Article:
Welcome to Peter Hulen for my first “two cents” guest post! Thorough readers may have already encountered Peter’s thoughts by reading blog comments, but even if that’s the case, I heartily recommend a re-read. See what Peter has to say, and feel free to respond via comments!
Peter Hulen is a composer of computer-generated music, a college professor, and a sometime church musician who converted to the Episcopal Church in his late 30s because it fuses ancient rituals and narratives of his home culture with permission to continue an open-ended life of spiritual pilgrimage and development.
I guess I’m more of a lumper than a splitter. As someone who has worked directly with the 18-22 cohort for the past 20-odd years, I perceive the Millennial generation as developmentally on par with any group that age from any generation. New technology, new connectedness, new social/global consciousness, yes. New kinds of human beings, no.
For example, social media amount to a virtual container for social entities the size, scope and function of those that have been around as long as our species. What is different after having left our foraging/agricultural villages and then returned to them in digital form, is about the experience in between. Regardless of individuals’ relative cognitive development and social identification (whether there are ‘thems’ and ‘usses’ of various sizes and configurations, or a planet full of ‘usses’), everyone still has to deal with the effects of mutual global encounter on one or more levels as never before.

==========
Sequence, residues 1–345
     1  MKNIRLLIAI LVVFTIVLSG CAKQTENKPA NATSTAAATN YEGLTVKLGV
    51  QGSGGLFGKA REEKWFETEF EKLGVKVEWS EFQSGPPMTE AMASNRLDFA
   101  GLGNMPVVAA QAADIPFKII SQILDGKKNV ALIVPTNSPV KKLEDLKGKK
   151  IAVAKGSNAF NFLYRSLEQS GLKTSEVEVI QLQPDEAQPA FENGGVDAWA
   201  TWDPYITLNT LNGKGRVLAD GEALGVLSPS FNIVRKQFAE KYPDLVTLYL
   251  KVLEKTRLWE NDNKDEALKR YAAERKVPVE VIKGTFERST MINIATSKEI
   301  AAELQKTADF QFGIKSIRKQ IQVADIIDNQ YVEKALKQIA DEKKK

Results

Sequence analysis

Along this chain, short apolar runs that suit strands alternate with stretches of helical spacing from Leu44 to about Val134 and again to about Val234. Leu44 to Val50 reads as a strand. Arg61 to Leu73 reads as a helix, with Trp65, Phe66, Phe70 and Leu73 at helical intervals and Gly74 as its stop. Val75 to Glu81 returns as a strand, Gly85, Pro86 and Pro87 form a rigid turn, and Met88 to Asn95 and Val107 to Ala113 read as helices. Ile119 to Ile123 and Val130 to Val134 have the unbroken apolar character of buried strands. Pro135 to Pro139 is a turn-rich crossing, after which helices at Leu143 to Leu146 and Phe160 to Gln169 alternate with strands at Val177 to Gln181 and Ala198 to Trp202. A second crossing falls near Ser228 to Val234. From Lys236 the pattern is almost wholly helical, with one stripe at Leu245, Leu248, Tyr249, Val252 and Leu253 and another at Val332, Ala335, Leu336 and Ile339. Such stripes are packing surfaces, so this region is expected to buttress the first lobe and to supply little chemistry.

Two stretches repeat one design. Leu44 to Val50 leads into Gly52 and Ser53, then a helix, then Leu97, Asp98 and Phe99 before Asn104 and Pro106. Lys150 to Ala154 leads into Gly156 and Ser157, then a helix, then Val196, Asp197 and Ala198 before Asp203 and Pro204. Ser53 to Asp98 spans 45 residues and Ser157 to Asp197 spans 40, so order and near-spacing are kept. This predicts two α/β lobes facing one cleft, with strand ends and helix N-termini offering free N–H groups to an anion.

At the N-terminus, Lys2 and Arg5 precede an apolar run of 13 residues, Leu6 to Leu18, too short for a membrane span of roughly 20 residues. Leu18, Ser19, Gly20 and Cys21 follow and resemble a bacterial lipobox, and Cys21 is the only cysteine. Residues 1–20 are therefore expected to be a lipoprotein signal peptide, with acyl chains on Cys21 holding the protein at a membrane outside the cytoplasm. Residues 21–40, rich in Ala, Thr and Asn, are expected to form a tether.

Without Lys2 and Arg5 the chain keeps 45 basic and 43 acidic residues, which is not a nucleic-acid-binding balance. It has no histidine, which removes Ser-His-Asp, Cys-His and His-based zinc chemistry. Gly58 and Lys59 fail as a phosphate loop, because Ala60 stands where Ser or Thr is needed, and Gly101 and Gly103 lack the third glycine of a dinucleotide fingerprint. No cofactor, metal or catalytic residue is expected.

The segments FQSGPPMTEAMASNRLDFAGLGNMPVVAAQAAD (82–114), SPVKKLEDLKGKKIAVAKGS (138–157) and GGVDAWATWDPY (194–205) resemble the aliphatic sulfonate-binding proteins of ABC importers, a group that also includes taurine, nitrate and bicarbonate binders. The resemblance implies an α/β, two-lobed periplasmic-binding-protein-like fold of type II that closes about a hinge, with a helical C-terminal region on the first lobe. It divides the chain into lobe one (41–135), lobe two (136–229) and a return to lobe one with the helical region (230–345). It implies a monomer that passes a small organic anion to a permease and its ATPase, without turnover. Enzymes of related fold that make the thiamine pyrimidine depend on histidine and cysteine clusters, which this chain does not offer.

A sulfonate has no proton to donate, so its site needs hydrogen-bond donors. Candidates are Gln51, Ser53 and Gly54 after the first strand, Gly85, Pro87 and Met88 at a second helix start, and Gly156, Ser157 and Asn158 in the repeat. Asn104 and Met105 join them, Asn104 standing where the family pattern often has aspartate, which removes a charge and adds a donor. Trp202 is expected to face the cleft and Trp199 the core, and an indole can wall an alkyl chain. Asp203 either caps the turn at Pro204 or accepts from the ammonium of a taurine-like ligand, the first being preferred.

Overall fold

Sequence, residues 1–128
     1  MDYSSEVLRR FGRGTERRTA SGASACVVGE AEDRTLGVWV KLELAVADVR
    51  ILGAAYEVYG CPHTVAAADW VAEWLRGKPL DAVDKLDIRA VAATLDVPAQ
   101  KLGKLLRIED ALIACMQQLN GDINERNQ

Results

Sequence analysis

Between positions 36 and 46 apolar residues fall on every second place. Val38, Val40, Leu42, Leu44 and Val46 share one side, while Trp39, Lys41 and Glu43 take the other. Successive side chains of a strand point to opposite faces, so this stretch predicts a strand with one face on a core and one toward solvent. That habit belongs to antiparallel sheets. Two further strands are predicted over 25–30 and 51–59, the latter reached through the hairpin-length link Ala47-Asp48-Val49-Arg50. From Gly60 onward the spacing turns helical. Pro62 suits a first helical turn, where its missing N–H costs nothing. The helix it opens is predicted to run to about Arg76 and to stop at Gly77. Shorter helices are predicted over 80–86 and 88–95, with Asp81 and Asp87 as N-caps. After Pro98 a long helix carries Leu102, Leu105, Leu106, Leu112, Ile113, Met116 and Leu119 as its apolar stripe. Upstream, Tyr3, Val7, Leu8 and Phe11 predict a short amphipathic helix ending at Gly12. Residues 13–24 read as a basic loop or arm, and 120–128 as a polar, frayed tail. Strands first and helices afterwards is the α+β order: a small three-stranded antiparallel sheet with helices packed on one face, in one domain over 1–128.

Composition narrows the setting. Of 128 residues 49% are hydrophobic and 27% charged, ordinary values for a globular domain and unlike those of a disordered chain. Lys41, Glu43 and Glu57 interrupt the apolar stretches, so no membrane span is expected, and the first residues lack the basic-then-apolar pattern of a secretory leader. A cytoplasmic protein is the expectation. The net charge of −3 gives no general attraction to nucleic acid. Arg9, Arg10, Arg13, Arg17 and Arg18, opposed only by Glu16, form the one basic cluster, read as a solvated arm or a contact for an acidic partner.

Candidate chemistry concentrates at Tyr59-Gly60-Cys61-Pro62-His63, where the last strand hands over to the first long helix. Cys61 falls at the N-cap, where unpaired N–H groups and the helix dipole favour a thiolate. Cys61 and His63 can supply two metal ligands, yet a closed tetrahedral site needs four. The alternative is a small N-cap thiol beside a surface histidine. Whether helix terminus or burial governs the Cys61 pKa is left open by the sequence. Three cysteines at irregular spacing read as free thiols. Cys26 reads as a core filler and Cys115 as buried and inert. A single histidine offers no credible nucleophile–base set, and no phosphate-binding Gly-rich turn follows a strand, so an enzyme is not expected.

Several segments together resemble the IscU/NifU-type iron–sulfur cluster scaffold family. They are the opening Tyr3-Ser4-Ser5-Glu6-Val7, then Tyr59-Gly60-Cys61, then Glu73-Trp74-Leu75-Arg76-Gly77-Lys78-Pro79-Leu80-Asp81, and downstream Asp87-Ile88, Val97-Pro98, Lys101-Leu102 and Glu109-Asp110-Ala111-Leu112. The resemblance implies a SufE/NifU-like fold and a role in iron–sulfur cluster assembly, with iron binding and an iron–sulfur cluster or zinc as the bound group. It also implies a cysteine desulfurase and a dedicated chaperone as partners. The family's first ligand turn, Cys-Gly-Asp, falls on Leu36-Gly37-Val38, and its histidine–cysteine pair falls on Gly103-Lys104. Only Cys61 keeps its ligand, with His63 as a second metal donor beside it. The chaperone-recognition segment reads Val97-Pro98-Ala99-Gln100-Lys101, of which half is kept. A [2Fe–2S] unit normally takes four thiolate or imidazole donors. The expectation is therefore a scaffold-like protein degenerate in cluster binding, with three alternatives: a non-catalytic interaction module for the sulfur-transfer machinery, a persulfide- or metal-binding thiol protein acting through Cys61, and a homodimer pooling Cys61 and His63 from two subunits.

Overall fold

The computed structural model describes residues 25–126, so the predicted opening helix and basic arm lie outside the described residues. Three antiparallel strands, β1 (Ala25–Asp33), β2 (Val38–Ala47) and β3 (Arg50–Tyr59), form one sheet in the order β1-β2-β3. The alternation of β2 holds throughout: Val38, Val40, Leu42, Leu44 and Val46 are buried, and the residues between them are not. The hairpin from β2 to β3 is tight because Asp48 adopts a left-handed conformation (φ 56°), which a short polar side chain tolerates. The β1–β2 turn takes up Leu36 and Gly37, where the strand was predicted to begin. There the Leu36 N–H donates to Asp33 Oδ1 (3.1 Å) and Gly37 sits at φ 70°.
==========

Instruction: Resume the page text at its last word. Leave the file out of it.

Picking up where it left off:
What does this mean for the Church? I do not have a single ‘what I think the church will look like’ vision, because I think we are headed in a couple of different directions. The Church in the global South looks to be adopting forms of Christianity and related attitudes that characterized the North over the past couple of centuries. This is in keeping, for better or worse, with the emerging material and mental macro-culture.
In the wealthy, industrialized part of the world, Christianity will either evolve or be more completely replaced with sundry non-/approaches. The vision I do have is what I hope the Church will become. That would include theologies of greater universalism, and of unity between the natural universe and the noosphere wherein dwells what is experienced as ‘the spiritual’ (no dualisms, Cartesian or otherwise—incarnation anyone?), less literal and more metaphorical understandings of scriptural narratives, and rituals stressing contemplative practices over propitiation, dominion, membership—dynamic processes over states and products. These issues cut to the very quick as regards authenticity in context of the rising watermark (however glacial its movement) of human consciousness.
Maybe my view is colored by present realities, but I see Millennials becoming this, opposing it tooth-and-nail, and checking out, in roughly equal numbers. But if the past year has illustrated anything, it is that critical masses and tipping points have a way of emerging, seemingly out of thin air. What is to come will hardly happen to or through a single generation, but I think Millennials are sure to move the marker just a bit farther along that long, long arc of the universe.